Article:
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Your super options if you have an inheritance
An inheritance can be a substantial sum of money and receiving one can bring a mix of emotions. There are pros and cons to putting an inheritance into your super, or leaving an inheritance to others using your own super.
If you decide you want to put money from an inheritance into your super, you usually can, by making a voluntary contribution or a spouse contribution. There are limits on how much you can contribute to your super per year, so make sure the amount you contribute to your super is within these limits.
Alex is 62 years old when their mother unfortunately passes away. As Alex has already paid off a mortgage and plans to retire in the next few years, a financial adviser recommends they contribute part of the inheritance to their super and give any monetary gifts they want to before they retire, so that any Age Pension payments they might receive wouldn't be affected by giving those gifts.
Alex's inheritance from their mother was $400,000, so they decide to contribute $200,000 to their super, give $100,000 as a gift to the kids to help them buy their first home/s, and save the remaining $100,000 for home renovations.
Alex puts the $200,000 into super as a non-concessional (after-tax) contribution, using the bring-forward rules to make 2 years' worth of contributions in one year (the usual limit is $100,000 per year).
There are a few ways you can be paid a super death benefit if you are eligible:
With a death benefit income stream, you can receive regular payments to your bank account.
You can receive the full amount at once as a payment to your bank account or cheque.
Another option is to take out a lump sum, then use the rest of the money to start an income stream.
Each of these options has different benefits and disadvantages, and the amount will be taxed differently depending on which you choose. A financial adviser can help you decide which option might be best for your circumstances.
If you want to put money, such as an inheritance, into your super, there is no tax payable when you contribute the money because it's a voluntary after-tax contribution (non-concessional contribution). If you claim a tax deduction on that contribution, it becomes a concessional contribution and is charged 15% tax.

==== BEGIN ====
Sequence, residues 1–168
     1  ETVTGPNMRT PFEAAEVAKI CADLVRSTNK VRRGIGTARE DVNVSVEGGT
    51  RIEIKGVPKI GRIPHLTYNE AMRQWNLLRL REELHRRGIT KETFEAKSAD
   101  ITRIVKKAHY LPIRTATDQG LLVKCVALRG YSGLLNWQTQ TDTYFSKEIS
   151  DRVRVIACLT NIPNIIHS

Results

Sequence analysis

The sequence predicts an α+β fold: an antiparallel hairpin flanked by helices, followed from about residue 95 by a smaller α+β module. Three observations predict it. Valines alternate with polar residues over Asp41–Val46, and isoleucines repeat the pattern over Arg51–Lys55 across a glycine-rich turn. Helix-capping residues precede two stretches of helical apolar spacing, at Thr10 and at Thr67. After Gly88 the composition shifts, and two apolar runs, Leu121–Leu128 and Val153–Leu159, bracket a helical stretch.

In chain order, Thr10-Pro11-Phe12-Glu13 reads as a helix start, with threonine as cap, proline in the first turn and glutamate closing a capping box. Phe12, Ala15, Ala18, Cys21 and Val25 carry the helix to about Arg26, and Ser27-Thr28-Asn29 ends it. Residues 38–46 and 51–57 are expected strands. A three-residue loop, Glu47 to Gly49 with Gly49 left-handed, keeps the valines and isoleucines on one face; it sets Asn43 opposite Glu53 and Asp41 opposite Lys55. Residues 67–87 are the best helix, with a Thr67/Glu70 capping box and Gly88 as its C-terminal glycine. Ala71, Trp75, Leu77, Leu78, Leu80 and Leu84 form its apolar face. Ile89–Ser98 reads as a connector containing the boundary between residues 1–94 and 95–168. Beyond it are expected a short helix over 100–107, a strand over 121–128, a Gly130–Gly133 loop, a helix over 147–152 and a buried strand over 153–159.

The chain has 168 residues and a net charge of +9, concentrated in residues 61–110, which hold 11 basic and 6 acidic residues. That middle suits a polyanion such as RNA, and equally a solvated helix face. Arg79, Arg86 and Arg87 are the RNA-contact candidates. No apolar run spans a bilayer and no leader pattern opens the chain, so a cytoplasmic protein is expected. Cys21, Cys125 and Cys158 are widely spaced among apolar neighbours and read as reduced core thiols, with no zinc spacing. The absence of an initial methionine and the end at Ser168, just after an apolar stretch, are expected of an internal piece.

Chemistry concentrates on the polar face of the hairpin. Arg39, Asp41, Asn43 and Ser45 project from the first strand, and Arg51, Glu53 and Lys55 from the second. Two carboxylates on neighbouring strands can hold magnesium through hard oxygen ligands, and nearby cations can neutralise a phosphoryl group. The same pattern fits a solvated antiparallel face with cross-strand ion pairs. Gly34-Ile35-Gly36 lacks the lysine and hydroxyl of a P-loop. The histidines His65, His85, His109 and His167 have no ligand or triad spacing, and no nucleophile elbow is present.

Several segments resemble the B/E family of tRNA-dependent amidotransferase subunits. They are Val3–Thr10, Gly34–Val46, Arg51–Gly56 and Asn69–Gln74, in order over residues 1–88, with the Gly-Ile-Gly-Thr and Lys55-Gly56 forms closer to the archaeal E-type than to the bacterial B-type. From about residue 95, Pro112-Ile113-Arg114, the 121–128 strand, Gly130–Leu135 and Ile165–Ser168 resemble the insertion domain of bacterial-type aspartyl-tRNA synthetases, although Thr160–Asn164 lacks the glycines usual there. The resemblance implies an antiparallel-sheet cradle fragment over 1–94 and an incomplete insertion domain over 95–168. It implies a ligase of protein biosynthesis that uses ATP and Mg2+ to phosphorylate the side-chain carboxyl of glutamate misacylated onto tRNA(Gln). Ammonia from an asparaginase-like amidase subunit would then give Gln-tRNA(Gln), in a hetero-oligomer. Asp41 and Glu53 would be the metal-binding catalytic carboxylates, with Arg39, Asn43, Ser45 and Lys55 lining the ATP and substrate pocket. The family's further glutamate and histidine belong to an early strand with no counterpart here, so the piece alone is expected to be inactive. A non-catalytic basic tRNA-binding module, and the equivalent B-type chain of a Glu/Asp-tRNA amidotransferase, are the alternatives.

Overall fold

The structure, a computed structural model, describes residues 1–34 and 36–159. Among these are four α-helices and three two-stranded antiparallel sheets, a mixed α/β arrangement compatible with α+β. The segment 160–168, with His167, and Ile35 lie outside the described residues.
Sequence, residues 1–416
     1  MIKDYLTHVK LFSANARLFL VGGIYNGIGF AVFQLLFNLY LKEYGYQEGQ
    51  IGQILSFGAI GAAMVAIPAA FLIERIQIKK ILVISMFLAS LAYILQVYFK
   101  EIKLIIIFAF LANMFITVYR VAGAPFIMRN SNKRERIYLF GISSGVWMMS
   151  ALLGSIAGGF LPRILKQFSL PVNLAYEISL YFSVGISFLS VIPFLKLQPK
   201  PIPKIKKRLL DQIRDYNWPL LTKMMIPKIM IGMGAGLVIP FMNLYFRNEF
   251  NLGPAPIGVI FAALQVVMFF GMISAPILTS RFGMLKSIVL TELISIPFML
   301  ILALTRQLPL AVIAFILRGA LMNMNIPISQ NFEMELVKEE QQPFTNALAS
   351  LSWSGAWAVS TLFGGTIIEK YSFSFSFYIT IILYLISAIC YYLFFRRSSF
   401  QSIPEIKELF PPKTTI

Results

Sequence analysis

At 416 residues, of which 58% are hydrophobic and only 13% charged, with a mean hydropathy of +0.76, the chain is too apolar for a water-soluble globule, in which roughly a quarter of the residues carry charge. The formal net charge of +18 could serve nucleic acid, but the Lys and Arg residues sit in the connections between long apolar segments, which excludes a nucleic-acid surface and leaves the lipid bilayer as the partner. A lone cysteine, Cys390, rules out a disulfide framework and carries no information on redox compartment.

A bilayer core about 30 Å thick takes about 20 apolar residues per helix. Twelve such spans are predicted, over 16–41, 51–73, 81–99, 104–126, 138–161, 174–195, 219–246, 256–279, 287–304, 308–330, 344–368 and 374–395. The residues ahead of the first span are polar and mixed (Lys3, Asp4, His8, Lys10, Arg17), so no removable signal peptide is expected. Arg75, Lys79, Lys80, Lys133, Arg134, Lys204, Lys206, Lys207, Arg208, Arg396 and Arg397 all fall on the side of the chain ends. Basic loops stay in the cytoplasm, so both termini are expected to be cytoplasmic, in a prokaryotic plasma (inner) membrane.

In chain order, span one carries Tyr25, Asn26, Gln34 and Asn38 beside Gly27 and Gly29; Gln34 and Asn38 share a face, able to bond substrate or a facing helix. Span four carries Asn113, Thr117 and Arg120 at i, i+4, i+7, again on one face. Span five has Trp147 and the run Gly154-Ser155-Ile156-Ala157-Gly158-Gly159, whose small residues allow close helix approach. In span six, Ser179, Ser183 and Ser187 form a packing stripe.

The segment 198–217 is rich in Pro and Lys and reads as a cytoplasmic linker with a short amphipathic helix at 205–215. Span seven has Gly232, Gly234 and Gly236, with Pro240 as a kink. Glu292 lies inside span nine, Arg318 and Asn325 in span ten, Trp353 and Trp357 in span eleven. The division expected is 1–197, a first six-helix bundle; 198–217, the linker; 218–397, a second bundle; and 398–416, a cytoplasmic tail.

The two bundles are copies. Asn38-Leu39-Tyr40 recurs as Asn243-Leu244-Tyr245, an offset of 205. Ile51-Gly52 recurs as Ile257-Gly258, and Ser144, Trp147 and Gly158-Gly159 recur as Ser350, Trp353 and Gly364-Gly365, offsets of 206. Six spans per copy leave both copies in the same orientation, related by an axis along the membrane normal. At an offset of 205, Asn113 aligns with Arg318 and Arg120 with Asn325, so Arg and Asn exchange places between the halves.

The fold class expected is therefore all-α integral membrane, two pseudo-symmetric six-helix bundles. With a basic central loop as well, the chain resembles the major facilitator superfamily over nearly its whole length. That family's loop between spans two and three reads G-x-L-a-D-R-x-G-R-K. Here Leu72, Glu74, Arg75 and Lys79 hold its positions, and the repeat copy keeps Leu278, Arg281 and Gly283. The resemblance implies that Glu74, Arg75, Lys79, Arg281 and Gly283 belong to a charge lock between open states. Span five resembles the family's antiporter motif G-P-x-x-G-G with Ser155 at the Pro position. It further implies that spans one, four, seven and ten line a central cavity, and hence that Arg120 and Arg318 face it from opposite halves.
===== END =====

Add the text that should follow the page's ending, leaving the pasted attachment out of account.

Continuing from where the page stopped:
When you receive a death benefit from someone's super, the tax you pay depends on factors including your relationship to the person who died, your age, and the age of the person who died.
If you're living outside of Australia when you inherit money, you'll need to check the laws about paying estate tax in your country. For more information, please read our Death Benefit Claim Guide (pdf) or contact us.
To make sure your super is distributed according to your wishes when you die, you can tell us who you want to receive your super (your beneficiaries). Use your pre-filled form in Member Online and have it signed and witnessed before sending it to us, to make a binding death benefit nomination.
If you have an Income account, you can also make a reversionary nomination in Member Online, so that your income payments will go to your beneficiary after you die. Find out more about what happens to your super when you die.
Dealing with an inheritance can be a big decision, so you may want to seek professional financial advice.
1. This case study is provided for illustrative and educational purposes only, and the members shown are not real. Additionally, figures may be rounded for ease of understanding. Members should seek advice from a qualified licensed professional regarding their own circumstances.